Tuesday, August 03, 2004

To Bounce or Not to Bounce...

Where's the bounce? That's the big question coming out of last week's DNC, and it's being downplayed by Dems and trumpeted by Repubs. I personally think that the truth of the matter is so many people are decided one way or another already that few decided voters would swing based on either convention. As for undecideds, I think it's going to take a lot more than superficial rah-rah fluff to persuade them to pick either one. Here's hoping the debates give us something more.

On the Democratic side, I'm a little disappointed in Kerry's speech. Not much real content, and his tendency to be too verbose will hurt him if not corrected. He loses people. On a different note, I can't believe how excited people got for Billary. She's possibly the worst speaker I've heard in recent years, and he's a self-absorbed womanizer who did well-documented things with interns while riding the coattails of an economic expansion that had little to do with his leadership. Still, the crowd shots revealed convention-goers who I thought were going to pass out from the excitement when he was announced. How sad that he's that much of a hero to people. Once somebody can convincingly explain why he deserves that level of admiration, I'll reconsider my stance.

On the Republican front, it's been pretty quiet while the DNC had its week. Bush has been moving to respond to the 9/11 report, and in spite of the "too little too late" stance of the Dems, I'm glad something's being done in response. My only hope is that the pressure to respond quickly doesn't come back to bite us in the future through bad decisions.

Republicans have been calling into question Kerry's documentation of his war experience as well. Now this is a little strange to me, and not because of my political persuasions. On a basic level, what kind of person goes back after battles and "reenacts" them for video footage? If you're truly behind something, you go do it, give it your all, and keep moving. Kerry's focus on footage during his tour that's being reported makes me wonder where that line between ambition and obsession is drawn. Was he just there for future political leverage? His actions once he returned seem to indicate that the political side of the war was far more important to him than what was being done to win it. If that's the case, and I'm not sure it is yet, I would have severe questions about his ability to support and lead our troops.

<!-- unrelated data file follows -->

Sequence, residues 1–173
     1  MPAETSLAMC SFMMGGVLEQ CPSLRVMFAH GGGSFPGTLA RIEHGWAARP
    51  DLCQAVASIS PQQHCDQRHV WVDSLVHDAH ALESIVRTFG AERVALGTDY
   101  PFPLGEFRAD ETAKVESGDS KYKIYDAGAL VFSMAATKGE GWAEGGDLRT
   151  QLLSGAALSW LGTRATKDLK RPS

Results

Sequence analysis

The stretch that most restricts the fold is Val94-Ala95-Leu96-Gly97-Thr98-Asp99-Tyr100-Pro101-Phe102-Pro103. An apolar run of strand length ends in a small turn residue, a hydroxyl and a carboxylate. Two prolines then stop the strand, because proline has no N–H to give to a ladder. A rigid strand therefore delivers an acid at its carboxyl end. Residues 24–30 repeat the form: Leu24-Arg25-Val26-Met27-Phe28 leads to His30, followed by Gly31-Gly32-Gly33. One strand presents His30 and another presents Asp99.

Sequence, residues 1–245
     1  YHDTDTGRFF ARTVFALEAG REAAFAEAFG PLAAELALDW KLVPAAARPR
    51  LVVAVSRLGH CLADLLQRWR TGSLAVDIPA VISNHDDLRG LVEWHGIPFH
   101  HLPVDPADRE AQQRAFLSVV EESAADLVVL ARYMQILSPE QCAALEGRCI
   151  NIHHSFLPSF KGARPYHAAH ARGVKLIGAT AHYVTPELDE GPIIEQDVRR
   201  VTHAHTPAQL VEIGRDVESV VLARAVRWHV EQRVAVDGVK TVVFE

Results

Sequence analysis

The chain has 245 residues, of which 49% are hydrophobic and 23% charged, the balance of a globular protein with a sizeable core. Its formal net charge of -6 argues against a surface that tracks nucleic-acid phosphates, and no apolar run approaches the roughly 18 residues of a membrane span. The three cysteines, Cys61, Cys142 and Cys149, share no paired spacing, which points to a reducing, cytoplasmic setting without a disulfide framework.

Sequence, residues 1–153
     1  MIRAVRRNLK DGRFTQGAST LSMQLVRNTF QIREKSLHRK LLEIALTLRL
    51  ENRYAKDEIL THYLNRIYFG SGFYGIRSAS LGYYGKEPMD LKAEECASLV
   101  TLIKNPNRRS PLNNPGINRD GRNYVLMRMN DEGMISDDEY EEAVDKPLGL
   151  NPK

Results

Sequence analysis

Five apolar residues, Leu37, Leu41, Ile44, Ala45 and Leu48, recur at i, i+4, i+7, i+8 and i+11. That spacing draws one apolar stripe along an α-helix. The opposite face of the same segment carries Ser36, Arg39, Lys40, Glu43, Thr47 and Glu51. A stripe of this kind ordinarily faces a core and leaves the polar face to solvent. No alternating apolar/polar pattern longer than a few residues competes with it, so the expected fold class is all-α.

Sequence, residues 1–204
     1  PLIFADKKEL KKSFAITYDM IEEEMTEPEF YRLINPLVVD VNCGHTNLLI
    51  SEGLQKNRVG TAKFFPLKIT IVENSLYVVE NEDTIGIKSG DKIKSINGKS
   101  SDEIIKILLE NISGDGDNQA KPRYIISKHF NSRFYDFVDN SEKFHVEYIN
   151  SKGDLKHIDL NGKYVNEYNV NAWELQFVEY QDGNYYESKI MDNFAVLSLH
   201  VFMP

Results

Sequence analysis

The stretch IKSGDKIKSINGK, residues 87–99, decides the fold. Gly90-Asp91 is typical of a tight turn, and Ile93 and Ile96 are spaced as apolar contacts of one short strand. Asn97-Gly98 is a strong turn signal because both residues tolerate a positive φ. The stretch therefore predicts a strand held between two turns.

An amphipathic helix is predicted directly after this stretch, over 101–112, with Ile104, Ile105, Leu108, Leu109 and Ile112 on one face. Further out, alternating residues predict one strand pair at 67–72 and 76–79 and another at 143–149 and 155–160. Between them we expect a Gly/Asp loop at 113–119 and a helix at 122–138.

Economics: As we march towards the election, I would encourage everybody to read Thomas Sowell's "Basic Economics." I started the book last night, and it is one of the most readable, common-sense books I've ever read on the topic. With so many candidates having economic agendas and planks in their platform, every voter should be familiar with economic principles, and this book is excellent for readers at any interest level. I've studied domestic and international economics at the undergraduate and graduate level, and so I can confidently state (based on the first section of the book, at least) that this is one of the best economic books out there.

Movie Reviews

I survived the audit. Barely, but I survived. Only after a long weekend of complete mental loafing could I return to work. So in the interest of that loafing, I decided to watch a couple of movies...

Evil Dead: I'd never seen the original work in the Sam Raimi/Bruce Campbell trilogy, so I decided to watch it. Wow. This had to be one of the most ridiculous movies I've ever seen. Especially since it tried to be genuinely frightening and serious. I'm not surprised it gained a cult following, due to the overdone gore and campiness, but what a lame movie. The special effects at the end, once the last two are killed, are especially funny. Things that seemed cool in the '80's.... One and a half stars.

Army of Darkness: This movie always cracks me up. I give this one credit for not even trying to be serious. I know- I skipped Evil Dead 2 in the sequence. I've seen it somewhat recently and didn't feel the need to brush up. However, Army of Darkness is one of my favorite "guilty pleasures" movies from my mislead childhood. The complete disregard for any level of logic is so blatant and beautiful that I can't resist cheering as Ash fires off approximately 56 rounds from his rifle without reloading. 3 stars.

That's it for the weekend. Back later today with my political and economic post.